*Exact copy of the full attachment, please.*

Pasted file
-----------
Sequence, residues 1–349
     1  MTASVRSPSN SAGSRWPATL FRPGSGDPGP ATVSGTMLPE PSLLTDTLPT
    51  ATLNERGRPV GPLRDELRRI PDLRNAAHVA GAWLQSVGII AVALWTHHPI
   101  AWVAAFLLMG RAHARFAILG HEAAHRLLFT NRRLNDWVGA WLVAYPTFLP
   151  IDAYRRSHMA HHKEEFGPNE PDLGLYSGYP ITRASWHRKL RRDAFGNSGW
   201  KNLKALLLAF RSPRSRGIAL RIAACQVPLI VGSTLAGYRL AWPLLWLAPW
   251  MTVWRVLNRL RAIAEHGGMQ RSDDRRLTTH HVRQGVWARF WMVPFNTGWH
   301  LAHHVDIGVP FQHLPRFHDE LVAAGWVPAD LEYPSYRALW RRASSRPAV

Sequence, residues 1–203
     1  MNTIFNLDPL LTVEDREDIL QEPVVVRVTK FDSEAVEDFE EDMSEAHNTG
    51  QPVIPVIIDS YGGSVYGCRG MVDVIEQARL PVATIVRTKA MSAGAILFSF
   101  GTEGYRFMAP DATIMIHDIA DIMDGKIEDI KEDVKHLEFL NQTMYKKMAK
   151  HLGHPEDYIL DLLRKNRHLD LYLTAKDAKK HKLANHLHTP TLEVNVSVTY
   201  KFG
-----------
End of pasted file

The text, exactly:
Sequence, residues 1–349
     1  MTASVRSPSN SAGSRWPATL FRPGSGDPGP ATVSGTMLPE PSLLTDTLPT
    51  ATLNERGRPV GPLRDELRRI PDLRNAAHVA GAWLQSVGII AVALWTHHPI
   101  AWVAAFLLMG RAHARFAILG HEAAHRLLFT NRRLNDWVGA WLVAYPTFLP
   151  IDAYRRSHMA HHKEEFGPNE PDLGLYSGYP ITRASWHRKL RRDAFGNSGW
   201  KNLKALLLAF RSPRSRGIAL RIAACQVPLI VGSTLAGYRL AWPLLWLAPW
   251  MTVWRVLNRL RAIAEHGGMQ RSDDRRLTTH HVRQGVWARF WMVPFNTGWH
   301  LAHHVDIGVP FQHLPRFHDE LVAAGWVPAD LEYPSYRALW RRASSRPAV

Sequence, residues 1–203
     1  MNTIFNLDPL LTVEDREDIL QEPVVVRVTK FDSEAVEDFE EDMSEAHNTG
    51  QPVIPVIIDS YGGSVYGCRG MVDVIEQARL PVATIVRTKA MSAGAILFSF
   101  GTEGYRFMAP DATIMIHDIA DIMDGKIEDI KEDVKHLEFL NQTMYKKMAK
   151  HLGHPEDYIL DLLRKNRHLD LYLTAKDAKK HKLANHLHTP TLEVNVSVTY
   201  KFG